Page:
Back in January, the Southwest Seattle Historical Society started accepting entries for its youth-writing contest, welcoming essays on “Women History Makers of the Duwamish Peninsula.” We promised to publish the winning essays. The SWSHS has chosen its winners, and tonight, here’s the first one, from the 3rd-5th-grade category.
A Hero to Washington
By Lillian Stowell
Katherine Smith was a hero to Washington, but no one made a statue or a mural for her, even though she deserved one.
She was born on February 9, 1868, in Pennsylvania. Then when she married George A. Smith she moved to Colorado. Colorado was the second state that women could vote in. However, she lost her right to vote when she moved to Alki, Washington in 1904.
She started a woman suffrage club that 200 people attended. Women gained the right to vote in Washington in 1910. I chose Katherine because she fought for women suffrage fairly. She did not riot, instead she convinced officials to let women vote by talking to them. I think women’s voting is important because women might have different opinions then men. For example, if there was a president that didn’t treat women respectfully then women couldn’t vote for someone\ else.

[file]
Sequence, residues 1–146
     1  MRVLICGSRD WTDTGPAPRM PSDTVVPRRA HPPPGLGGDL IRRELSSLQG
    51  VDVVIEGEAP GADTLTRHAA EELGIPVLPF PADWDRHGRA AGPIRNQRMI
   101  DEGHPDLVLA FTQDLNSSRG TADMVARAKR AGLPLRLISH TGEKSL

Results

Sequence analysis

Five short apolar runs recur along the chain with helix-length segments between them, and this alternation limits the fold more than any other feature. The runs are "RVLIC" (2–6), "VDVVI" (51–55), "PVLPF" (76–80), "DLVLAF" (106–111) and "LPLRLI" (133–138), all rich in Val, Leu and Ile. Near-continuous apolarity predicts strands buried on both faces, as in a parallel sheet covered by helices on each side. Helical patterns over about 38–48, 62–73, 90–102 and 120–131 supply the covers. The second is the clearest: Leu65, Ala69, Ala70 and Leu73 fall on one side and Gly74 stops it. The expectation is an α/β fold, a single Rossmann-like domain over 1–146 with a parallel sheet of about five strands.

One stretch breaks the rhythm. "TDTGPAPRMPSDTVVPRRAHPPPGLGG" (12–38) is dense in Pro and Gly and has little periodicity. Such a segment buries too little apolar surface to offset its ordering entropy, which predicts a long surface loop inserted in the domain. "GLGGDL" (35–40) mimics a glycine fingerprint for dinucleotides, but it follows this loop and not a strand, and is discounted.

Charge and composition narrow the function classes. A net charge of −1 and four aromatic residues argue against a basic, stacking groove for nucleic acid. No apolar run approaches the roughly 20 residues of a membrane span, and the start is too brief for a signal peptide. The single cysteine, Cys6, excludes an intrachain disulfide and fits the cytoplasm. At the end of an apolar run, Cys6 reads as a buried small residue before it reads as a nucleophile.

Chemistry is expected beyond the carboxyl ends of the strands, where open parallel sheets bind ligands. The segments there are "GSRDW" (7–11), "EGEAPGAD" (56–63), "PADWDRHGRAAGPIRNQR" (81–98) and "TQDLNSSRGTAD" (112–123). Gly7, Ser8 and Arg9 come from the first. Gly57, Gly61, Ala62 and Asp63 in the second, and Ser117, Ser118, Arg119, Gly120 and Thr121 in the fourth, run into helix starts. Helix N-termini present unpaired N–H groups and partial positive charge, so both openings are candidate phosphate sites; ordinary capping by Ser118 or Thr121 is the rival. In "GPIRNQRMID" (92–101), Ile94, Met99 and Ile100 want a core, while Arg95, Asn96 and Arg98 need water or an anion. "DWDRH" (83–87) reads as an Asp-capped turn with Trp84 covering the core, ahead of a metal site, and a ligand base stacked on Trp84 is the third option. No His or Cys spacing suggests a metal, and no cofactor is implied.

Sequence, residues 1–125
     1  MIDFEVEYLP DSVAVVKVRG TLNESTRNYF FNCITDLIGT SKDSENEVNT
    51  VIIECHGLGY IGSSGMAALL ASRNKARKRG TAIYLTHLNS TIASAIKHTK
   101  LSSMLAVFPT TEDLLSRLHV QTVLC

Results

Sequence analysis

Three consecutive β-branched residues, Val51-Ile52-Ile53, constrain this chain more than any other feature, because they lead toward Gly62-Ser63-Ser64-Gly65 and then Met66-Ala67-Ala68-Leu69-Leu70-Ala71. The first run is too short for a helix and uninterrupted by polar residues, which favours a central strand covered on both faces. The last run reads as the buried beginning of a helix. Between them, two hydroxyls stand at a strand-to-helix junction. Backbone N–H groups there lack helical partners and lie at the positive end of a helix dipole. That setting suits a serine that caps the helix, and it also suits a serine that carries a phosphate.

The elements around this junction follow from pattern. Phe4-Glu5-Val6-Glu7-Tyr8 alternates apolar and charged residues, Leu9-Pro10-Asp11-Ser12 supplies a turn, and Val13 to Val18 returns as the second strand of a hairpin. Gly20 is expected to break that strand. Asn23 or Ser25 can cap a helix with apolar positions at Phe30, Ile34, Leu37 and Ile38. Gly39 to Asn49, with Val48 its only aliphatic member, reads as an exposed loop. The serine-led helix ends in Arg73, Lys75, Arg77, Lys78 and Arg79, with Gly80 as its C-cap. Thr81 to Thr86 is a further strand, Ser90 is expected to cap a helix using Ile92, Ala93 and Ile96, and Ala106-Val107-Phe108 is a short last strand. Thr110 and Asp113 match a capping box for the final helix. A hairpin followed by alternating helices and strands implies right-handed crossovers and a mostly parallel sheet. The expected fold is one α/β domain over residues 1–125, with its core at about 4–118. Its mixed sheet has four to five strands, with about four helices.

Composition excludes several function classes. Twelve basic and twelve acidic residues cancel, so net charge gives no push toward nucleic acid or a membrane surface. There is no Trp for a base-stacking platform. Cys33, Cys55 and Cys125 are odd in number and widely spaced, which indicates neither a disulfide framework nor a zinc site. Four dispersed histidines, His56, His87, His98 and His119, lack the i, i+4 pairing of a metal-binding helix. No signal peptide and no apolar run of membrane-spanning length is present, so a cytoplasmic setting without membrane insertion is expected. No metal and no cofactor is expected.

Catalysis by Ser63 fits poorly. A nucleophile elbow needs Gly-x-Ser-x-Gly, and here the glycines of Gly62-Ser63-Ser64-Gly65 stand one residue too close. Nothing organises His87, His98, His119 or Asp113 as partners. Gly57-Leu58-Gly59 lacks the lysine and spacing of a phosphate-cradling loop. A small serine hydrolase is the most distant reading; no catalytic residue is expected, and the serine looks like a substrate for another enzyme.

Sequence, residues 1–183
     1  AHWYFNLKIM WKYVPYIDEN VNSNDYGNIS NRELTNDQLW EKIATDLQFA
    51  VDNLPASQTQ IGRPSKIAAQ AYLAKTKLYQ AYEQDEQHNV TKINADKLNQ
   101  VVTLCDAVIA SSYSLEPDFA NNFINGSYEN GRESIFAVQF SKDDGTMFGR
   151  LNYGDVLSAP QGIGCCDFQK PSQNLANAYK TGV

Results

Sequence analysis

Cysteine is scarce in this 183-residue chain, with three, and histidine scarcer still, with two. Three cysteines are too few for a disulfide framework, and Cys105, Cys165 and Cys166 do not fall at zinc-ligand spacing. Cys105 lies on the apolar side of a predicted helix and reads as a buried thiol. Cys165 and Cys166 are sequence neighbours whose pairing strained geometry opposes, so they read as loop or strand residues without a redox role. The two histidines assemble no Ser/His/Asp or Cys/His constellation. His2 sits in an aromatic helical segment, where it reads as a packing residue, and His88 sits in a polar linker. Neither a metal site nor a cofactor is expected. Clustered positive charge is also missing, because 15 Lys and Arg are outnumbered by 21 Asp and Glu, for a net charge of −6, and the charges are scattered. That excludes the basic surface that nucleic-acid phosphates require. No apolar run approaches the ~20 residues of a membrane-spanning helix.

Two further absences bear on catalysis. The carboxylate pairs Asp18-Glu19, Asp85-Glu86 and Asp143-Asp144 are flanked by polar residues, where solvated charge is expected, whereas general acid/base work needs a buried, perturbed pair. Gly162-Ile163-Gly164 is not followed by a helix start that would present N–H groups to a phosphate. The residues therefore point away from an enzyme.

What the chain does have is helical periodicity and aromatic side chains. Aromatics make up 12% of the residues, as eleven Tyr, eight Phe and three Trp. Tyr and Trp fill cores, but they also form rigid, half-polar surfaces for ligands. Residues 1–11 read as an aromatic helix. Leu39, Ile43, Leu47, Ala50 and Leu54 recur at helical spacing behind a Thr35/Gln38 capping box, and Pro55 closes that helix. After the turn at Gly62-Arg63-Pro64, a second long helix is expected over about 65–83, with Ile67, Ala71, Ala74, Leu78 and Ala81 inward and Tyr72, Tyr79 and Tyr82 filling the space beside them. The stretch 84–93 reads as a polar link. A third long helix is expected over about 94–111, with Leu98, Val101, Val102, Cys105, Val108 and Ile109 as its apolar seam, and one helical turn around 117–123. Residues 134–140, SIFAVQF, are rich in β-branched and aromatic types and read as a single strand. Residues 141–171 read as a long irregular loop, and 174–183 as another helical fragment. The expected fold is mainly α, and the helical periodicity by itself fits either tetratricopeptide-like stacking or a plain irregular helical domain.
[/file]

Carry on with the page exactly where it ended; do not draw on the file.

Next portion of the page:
Without women like Katherine who fought for women suffrage, we might not have Vice President Kamala Harris today.
Lillian is a student at West Seattle Elementary. The SWSHS contest had middle- and high-school winners, too, and we’ll publish those winning essays over the next two nights.
Photo of Katherine Smith from the Seattle Star, February 1911